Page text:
Focus Features Emma, the latest reincarnation of the Jane Austen novel, was directed by Autumn de Wilde and shot by cinematographer Christopher Blauvelt. For de Wilde, a photographer and music video director, Emma is her feature film directorial debut. In addition to her still work on CD covers for The White Stripes, Fiona Apple and Beck she has directed music videos for indie bands, including Spoon, The Decemberists and Rilo Kiley.
Blauvelt and de Wilde met in 2000 when she directed Elliott Smith’s Son of Sam music video. He then shot some 16mm footage that was projected behind Elliott on his tour, and the collaborators became friends. When it came time to start on her directorial debut, de Wilde reached out, knowing that he could help her bring her vision to the screen.
Emma was shot with the ARRI Alexa LF using ARRI Signature Prime lenses. Blauvelt had done some tests with it a year or so ago for a film he shot with Gus Van Sant, called Don’t Worry, He Won’t Get Far on Foot, so he was familiar with the camera. “We looked at many different cameras to find our aesthetic,” Blauvelt explains. “I remember making a note about the softness and way it treated skin. It was also something I would think about for scope and scale, for which Emma provided the environments in the form of castles and the English countryside. Of course, we didn’t just test cameras — Autumn had given me many references to use as our guide in finding the unique look of Emma, so we tested many different lenses, cameras, filters, lights and lookup tables.”
Principal photography began in March 2019. Blauvelt hadn’t worked on a feature film in the UK before but was fortunate enough to team up with Mission, a UK-based DIT and digital services company, who assisted in setting up a workflow and a color pipeline that ensured that the director and DP’s vision was communicated to everyone. Mission’s Jacob Robinson was the DIT.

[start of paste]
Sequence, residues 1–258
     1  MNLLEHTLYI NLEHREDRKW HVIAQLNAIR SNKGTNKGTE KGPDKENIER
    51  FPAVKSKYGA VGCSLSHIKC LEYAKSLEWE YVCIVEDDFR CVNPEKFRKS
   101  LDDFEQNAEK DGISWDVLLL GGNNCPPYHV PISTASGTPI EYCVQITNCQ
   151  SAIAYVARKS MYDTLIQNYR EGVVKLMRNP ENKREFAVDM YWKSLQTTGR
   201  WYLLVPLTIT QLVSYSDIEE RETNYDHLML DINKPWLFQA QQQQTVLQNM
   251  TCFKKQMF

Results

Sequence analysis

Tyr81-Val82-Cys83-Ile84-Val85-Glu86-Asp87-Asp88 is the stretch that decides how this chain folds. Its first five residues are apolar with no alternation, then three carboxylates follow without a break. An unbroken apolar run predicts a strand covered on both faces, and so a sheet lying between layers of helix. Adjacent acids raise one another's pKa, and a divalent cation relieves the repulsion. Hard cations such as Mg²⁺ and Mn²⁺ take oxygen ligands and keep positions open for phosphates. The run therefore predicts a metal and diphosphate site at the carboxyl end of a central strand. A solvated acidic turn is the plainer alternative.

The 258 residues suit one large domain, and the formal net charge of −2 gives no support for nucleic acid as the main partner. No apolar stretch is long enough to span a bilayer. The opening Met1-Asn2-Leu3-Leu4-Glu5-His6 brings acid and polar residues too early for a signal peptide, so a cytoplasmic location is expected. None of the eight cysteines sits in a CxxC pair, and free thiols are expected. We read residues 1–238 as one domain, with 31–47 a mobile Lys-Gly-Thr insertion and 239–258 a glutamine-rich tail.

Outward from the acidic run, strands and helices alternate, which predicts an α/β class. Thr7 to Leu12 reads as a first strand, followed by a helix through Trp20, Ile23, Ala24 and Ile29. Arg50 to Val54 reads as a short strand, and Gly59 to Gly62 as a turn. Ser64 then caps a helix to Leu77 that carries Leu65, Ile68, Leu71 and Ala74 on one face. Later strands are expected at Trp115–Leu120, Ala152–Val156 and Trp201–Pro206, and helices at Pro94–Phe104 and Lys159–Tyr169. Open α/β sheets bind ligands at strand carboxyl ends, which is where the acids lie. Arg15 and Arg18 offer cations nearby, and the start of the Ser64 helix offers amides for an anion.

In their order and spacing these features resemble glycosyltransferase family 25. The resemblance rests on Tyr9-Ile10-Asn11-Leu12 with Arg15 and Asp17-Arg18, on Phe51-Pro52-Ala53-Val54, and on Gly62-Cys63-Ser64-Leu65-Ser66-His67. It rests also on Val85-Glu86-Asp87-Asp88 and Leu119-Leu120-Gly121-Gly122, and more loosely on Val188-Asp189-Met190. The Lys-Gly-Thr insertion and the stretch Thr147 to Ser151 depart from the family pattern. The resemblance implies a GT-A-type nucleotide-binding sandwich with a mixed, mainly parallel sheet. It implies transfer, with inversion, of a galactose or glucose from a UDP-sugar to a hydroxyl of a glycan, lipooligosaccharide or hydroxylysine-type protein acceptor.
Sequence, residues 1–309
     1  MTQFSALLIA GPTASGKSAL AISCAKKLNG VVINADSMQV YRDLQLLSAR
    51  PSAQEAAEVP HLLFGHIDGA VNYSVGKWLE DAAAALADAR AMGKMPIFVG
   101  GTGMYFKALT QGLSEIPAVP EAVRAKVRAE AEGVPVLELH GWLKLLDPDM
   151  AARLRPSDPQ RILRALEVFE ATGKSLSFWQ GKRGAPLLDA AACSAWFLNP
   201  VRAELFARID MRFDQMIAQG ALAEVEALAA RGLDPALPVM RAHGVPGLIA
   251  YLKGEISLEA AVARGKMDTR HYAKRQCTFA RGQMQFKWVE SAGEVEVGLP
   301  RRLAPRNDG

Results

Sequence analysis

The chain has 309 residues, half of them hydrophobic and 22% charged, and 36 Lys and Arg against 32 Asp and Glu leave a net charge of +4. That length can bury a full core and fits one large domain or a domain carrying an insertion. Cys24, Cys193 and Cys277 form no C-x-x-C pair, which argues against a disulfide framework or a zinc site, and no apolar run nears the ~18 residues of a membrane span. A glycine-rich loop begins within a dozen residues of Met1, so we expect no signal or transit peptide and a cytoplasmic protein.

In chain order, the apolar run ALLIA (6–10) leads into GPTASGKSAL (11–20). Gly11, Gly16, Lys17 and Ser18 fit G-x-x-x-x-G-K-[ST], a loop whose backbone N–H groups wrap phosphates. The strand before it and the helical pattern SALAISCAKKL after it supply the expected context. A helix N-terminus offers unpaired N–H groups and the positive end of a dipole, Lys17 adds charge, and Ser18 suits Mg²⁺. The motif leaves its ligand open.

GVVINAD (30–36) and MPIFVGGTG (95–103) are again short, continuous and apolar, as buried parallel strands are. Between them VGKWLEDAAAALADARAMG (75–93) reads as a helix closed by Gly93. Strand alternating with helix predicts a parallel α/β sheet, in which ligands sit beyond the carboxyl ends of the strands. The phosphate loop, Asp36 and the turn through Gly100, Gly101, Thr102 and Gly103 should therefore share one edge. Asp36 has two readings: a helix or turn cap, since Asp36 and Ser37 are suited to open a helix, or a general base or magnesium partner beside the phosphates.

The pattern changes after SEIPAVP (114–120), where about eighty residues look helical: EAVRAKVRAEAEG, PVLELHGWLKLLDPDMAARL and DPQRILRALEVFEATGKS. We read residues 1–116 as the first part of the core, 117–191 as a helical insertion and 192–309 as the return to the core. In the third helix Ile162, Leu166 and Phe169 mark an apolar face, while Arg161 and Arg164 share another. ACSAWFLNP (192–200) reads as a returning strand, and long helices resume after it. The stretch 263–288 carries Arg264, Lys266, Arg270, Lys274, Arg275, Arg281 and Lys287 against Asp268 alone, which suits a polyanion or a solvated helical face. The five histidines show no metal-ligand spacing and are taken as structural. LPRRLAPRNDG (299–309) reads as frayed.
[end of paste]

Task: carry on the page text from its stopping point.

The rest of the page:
DITs have become a more and more important part of the camera crew and often build close working relationships with DPs. Designing the look of a production is a collaborative process that often begins in preproduction. “I really enjoy my working relationships with DITs; they are the people I rely on to inform me on the rules we’ve put in place on any particular shoot,” says Blauvelt. “Usually during prep, we will do an enormous amount of testing and come up with the recipe that we decide on for the shoot.”
The final DI colorist is often part of the mix too. For Emma, Goldcrest’s Rob Pizzey was the DI colorist, so he was also involved in creating the color pipeline and LUTs with Blauvelt and DIT Robinson. As Blauvelt explains, “It’s also really great having the chance to create custom LUTs with our final grade colorist. We work hard to have a formula that works while on location and all the way to the final grade.”
There are several different ways for a DP to work with LUTs. In Blauvelt’s case, during testing the team created several different base LUTs, including day/exterior, day/interior, night/exterior, night/interior, day/exterior in clouds and sun and other variations they might encounter during the shoot. “These LUTs are all adjustable as well,” he continues, “and will be manipulated live on set to achieve the desired look. We also have images to serve as our spirit throughout the shoot to remind us of the original intent as well.”
The digital lab process on Emma was straightforward. Every day, DIT Robinson would send the capture drives from set along with a Blackmagic DaVinci Resolve project with CDLs applied. Mission’s Niall Todd and Neil Gray were tasked with creating synced H264s and DNxHD 115 files for Avid. The data was then backed up to dual LTOs and a G-Tech 10TB G-Drive.
Mission’s on-set to near-set process made it simple for Blauvelt’s vision to be conveyed to everyone. “Mark Purvis has created a collective and creative environment with Mission that I had not experienced before.”
The digital intermediate process was straightforward, with Goldcrest’s Pizzey using DaVinci Resolve to complete the final grading. Emma, which was edited by Nick Emerson, is now streaming.